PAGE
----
I’ve been drowning in finals stress as of late, and I needed something to take my mind off things. Fortunately (or perhaps not), I was recommended a show that was supposed to be really good. Boy, was it ever.
Instead of focusing on school, I was sucked into a world where knowing the difference between “afferent” and “efferent” no longer mattered. Attack on Titan (AoT) premiered in 2013–more info on imdb— and has gathered a large fan base. I don’t usually watch shonen anime, which is targeted towards 10-17 year old boys, but as we know, even Disney isn’t just for children. AoT is full of blood and violence, so if you’re squeamish about heads being bitten off, you’re probably going to have a bad time. Of course, the show isn’t all about gore. There’s a strong undercurrent of humanity’s desire to “be free” instead of closed in behind walls. The power of friendship and the sacrifices people make for others are present. These themes are familiar, but they are powerful reminders that people can’t achieve anything without the help of others.
Our protagonist is a young boy named Eren Yeager, who lives in a world where humans live behind the safety of walls to avoid being eaten by giant beings called titans. Hundreds of years ago, titans appeared out of nowhere, and much of humanity was destroyed. Those who survived managed to do so by retreating to a walled-in community where titans haven’t been seen for 100 years. I wouldn’t consider it a spoiler to say that Eren’s carefree life ends pretty much after the first episode, when a colossal titan breaches Wall Maria, the outermost wall. Most titans are dimwitted and rather slow, but there are abnormal varieties that behave unexpectedly. The colossal titan manages to climb over the wall, and another armoured titan smashes a hole in it. Droves of hideous giants pour into the town as people run for their lives. Eren watches helplessly while a smiling titan eats his mother; this traumatic incident spurs his desire for revenge. Eren swears that he will kill all the titans no matter what.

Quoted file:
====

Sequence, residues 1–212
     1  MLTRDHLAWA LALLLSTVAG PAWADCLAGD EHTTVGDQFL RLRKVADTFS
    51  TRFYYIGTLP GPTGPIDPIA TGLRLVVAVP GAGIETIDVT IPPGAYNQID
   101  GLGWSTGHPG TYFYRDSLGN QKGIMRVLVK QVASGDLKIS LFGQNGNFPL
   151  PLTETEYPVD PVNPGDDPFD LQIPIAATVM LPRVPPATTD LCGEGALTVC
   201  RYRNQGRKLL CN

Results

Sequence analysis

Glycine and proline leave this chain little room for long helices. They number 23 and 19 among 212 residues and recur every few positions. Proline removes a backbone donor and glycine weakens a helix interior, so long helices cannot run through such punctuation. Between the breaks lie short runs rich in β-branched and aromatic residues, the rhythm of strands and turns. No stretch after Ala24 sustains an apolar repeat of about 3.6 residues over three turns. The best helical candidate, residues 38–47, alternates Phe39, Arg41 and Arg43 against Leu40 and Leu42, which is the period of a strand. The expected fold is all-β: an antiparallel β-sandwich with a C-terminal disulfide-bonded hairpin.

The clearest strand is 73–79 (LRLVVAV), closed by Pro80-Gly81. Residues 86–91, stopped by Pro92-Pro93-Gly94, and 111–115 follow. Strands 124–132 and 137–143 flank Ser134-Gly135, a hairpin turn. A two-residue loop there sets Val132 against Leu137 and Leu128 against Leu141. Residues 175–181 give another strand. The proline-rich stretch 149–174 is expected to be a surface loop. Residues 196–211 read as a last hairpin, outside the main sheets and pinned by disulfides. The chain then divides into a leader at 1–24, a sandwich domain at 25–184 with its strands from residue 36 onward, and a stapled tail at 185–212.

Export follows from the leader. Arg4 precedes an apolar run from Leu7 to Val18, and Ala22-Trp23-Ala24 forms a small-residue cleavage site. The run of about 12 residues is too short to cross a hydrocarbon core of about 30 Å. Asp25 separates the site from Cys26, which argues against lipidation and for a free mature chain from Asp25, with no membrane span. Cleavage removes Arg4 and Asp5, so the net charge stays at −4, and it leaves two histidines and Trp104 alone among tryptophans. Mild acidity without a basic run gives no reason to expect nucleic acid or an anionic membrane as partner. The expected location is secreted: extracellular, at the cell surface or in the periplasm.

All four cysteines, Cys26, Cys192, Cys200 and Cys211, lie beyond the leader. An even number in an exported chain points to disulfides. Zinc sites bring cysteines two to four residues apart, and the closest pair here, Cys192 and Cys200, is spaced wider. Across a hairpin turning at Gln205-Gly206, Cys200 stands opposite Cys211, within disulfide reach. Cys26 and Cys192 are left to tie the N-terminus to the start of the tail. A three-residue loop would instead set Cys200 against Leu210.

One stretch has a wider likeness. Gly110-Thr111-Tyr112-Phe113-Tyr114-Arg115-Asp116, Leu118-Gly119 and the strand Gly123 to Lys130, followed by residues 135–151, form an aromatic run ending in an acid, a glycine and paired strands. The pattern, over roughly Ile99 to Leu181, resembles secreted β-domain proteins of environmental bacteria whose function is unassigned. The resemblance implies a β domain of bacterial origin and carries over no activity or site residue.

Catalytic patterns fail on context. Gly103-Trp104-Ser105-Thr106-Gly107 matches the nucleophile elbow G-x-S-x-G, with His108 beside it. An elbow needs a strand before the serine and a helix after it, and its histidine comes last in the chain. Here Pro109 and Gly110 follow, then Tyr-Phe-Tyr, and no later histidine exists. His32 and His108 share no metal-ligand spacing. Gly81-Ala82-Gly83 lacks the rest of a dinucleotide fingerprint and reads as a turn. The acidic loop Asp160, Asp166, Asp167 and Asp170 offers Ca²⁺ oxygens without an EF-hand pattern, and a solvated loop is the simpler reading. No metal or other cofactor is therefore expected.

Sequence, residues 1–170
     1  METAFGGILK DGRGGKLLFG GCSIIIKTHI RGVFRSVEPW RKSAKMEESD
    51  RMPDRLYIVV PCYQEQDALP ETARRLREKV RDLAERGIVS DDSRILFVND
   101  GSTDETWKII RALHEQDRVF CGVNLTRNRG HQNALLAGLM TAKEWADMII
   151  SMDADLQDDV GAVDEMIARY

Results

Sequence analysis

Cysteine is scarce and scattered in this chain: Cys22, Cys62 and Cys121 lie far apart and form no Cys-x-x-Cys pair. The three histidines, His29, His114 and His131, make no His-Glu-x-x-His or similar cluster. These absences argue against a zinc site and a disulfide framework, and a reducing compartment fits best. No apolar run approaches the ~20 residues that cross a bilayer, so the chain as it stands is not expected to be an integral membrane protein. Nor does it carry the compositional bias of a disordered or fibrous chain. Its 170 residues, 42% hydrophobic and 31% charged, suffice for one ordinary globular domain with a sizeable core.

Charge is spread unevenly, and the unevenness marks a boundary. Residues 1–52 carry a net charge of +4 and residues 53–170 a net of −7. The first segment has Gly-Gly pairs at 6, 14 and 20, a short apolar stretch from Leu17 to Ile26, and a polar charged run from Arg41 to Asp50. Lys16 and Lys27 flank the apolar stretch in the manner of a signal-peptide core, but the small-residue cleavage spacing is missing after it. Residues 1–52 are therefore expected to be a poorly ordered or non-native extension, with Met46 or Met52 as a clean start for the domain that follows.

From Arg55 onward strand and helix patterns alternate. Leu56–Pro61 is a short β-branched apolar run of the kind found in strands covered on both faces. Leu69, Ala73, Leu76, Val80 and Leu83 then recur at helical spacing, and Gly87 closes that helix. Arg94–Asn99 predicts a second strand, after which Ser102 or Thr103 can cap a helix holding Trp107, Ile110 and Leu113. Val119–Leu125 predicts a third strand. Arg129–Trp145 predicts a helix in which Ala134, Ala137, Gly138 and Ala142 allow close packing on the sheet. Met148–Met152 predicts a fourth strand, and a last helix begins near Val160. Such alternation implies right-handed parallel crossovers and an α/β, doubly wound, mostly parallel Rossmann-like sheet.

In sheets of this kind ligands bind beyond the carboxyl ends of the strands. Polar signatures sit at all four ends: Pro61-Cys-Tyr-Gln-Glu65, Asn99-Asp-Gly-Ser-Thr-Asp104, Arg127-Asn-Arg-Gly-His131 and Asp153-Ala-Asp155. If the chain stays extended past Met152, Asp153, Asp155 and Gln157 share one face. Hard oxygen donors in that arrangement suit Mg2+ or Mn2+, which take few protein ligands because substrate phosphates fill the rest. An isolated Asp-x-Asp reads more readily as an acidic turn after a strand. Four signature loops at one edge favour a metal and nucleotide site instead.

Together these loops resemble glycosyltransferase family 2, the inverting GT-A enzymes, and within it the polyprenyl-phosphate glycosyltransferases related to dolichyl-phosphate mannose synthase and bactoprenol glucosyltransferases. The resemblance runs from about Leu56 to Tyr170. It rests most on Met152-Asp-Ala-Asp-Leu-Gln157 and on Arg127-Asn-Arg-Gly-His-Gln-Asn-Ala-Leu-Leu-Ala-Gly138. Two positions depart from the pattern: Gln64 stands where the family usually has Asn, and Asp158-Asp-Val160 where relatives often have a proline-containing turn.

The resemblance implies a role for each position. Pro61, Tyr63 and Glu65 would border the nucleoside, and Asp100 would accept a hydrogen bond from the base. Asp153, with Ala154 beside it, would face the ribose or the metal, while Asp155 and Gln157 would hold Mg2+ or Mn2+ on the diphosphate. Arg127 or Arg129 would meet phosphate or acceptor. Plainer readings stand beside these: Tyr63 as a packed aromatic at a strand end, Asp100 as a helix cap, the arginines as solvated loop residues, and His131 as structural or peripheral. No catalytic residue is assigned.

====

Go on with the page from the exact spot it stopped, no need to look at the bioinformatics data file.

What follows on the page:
Those who escape the massacre at Wall Maria—where 20% of humanity was decimated— are taken as refugees at the second-innermost wall, Wall Rose. The people of Wall Rose aren’t very welcoming as they have never seen titans and do not want the newcomers to be using their finite resources. Eventually, many refugees are sent back to retake Wall Maria, because there isn’t enough food to go around. This mission has devastating consequences because normal citizens aren’t trained to fight titans. Eren and his friends Mikasa Ackerman and Armin Arlert eventually join the Cadets, a group of young men and women who undertake rigorous training to learn how to battle titans.
One thing I appreciate about this show is the equality between men and women. Women aren’t portrayed as needing rescue, but are skilled fighters who battle titans without flinching. Titans can only be killed by inflicting a deep cut to the nape of their necks; blowing their head off with a cannon or otherwise hurting them has no effect as their bodies regenerate. Soldiers use 3D maneuvering devices to fight the titans, which makes them more agile, a plus when avoiding the grasp of hungry hands. Will Eren and his friends graduate from the Cadets only to end up as titan fodder? Where did the titans come from, and what are their secrets?
This show is an amazing blend of drama and fantasy, and is a must watch for those who like seeing people get gobbled up by titans in a variety of ways. It’s actually quite cathartic. Will humanity get the best of the titans, or is it time to give up? Let me know what you think about AoT in the comments!
Featured Image: mlatimerridley.com